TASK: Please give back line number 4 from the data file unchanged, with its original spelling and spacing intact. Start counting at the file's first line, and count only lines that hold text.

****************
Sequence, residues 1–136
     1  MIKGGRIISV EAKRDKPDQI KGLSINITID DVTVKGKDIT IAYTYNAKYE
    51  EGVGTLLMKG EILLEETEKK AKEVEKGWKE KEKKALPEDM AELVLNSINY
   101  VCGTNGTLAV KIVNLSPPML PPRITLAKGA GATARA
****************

   101  VCGTNGTLAV KIVNLSPPML PPRITLAKGA GATARA